States Where Taxes Are Going Up

You'll pay extra for gas, cigarettes and more if you live in one of these places.

Some states still face tight budgets after years of recession and slow recovery. Increasingly, they are turning to tax hikes to make up for the shortfalls. If you live in one of these states, the taxes will hit you in different places — at the pump, in the store, or on your tax return.

In Connecticut, sales of clothing and shoes under $50 are no longer exempt from the state’s 6.35% sales tax, and sales of yachts and other luxury items will now be taxed at 7.75%, up from 7%. High-income residents will be hit hardest by the tax changes, as the state added two new top income tax brackets and increased the highest rate to 6.9%.

Kansas has increased its sales tax by 0.35 percentage point to 6.5% in an effort to close a $400-million budget gap. Coupled with local sales taxes, Kansas now leapfrogs California to have the eighth-highest sales tax in the U.S., according to the Tax Foundation. Kansas residents also pay more for cigarettes following a 50-cent increase on each pack of 20.

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Vermont aims to close a $100-million budget shortfall by lowering the amount millionaires can deduct on income tax returns. The Green Mountain State also raised the cigarette tax by 33-cents a pack and removed an exemption for soft drinks from the 6% sales tax.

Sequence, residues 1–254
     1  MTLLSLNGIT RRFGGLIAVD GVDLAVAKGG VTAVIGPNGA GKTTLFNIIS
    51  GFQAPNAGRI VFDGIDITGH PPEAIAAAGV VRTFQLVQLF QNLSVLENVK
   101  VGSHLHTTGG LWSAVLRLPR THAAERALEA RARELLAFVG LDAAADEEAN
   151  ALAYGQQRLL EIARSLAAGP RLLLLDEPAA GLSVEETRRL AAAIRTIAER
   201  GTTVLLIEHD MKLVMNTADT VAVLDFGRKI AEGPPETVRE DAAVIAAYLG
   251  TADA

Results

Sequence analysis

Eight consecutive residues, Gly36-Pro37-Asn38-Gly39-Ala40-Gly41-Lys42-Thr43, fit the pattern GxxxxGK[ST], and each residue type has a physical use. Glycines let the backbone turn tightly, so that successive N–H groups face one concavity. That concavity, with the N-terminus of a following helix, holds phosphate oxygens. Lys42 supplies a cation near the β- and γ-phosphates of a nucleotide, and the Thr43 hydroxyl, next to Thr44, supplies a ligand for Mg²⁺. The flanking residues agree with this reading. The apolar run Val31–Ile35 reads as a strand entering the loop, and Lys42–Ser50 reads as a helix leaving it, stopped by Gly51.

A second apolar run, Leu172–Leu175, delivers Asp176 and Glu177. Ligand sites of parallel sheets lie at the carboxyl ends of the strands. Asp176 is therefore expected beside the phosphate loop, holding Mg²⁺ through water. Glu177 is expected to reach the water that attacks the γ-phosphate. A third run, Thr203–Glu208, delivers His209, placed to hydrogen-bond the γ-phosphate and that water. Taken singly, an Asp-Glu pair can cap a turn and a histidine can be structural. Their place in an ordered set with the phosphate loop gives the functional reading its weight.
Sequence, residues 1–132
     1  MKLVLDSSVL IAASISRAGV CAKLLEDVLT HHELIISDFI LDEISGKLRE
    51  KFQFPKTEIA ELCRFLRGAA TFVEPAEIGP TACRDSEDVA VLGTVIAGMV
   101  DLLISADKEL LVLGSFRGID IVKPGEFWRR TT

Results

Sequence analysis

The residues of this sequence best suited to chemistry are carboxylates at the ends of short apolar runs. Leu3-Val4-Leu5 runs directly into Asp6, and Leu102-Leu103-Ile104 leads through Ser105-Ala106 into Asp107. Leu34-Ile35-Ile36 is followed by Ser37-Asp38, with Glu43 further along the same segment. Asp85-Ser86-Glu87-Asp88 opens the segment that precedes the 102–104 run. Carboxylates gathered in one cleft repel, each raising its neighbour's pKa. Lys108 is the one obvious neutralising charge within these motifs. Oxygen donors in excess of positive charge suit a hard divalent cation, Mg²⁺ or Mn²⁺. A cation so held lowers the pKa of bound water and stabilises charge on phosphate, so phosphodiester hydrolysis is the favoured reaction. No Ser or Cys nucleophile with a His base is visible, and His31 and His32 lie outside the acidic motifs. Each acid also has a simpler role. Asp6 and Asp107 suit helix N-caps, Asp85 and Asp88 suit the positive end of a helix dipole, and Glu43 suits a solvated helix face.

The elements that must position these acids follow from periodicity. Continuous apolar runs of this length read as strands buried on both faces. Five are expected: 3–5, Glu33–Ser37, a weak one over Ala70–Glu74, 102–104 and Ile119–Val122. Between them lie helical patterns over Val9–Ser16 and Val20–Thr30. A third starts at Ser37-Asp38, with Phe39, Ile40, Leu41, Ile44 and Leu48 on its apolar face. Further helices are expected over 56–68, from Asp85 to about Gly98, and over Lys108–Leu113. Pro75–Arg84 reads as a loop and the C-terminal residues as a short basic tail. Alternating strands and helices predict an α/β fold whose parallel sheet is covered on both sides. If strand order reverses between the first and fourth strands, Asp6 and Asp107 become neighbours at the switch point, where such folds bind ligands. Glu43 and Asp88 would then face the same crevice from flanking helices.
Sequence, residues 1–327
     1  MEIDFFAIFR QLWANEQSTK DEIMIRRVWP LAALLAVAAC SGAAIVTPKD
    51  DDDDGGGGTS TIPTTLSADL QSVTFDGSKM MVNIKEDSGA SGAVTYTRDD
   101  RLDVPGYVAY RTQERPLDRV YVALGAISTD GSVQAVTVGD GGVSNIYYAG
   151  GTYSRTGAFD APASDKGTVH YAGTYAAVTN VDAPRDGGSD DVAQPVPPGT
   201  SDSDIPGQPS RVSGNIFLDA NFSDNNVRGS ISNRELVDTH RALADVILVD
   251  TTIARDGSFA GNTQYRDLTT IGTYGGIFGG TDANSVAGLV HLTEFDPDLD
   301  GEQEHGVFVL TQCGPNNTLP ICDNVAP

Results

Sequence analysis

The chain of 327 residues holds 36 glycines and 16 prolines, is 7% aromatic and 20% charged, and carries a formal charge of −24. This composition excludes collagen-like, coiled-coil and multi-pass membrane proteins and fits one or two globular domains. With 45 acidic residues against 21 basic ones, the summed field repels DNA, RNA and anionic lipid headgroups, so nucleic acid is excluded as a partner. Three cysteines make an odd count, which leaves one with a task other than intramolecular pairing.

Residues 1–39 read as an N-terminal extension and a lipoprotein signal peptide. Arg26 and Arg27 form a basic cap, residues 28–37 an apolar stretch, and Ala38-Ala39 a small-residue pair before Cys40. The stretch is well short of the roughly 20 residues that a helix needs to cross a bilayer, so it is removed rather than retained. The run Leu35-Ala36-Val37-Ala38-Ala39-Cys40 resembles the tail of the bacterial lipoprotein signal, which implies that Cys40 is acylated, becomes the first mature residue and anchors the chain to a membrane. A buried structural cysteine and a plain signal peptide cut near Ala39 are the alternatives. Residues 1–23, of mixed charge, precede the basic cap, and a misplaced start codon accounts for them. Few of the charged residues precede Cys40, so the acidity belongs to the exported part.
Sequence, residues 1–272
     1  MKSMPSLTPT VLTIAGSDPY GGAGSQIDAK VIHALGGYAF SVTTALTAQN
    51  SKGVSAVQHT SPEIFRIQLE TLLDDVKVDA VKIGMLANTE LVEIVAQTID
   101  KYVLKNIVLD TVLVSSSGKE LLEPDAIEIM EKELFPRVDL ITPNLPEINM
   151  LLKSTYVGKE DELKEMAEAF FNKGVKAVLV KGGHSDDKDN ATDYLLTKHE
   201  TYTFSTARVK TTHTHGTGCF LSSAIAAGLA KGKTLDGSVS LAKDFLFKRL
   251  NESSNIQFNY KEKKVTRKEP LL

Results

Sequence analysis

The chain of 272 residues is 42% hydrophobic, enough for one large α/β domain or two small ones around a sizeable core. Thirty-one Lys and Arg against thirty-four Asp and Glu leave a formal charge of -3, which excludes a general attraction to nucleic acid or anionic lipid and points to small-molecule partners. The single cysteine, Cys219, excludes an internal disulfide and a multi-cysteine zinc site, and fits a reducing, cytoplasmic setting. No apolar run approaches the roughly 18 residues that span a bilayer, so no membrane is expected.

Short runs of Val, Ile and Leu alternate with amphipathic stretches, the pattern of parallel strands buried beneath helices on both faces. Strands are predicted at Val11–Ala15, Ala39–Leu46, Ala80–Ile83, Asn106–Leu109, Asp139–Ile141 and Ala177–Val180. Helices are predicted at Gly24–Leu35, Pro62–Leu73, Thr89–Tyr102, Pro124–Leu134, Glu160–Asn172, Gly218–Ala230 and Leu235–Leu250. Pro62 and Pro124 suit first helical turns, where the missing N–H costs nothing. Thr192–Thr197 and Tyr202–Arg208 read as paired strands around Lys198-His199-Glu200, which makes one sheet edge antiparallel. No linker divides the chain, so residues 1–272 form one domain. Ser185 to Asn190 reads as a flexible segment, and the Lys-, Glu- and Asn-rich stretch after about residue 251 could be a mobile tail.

Struggling to get enough money from Congress to repair crumbling roads and bridges, many states are turning to gasoline taxes for funding. South Dakota, Utah, Idaho, Iowa and Nebraska are all raising their gas taxes by between 5 cents and 10 cents per gallon. More states are sure to follow in the years ahead.

There are plenty more states where taxes are going up. See if yours is one of them.

Miles Kruppa
Intern, Kiplinger's Personal Finance
Kruppa is an intern at Kiplinger's Personal Finance through the American Society of Magazine Editors 2015 summer internship program. He is a senior at Rice University majoring in economics and English, and he was editor in chief for the Rice Thresher as a junior. He previously interned at a small investment bank in Austin, Texas, that serves middle market companies.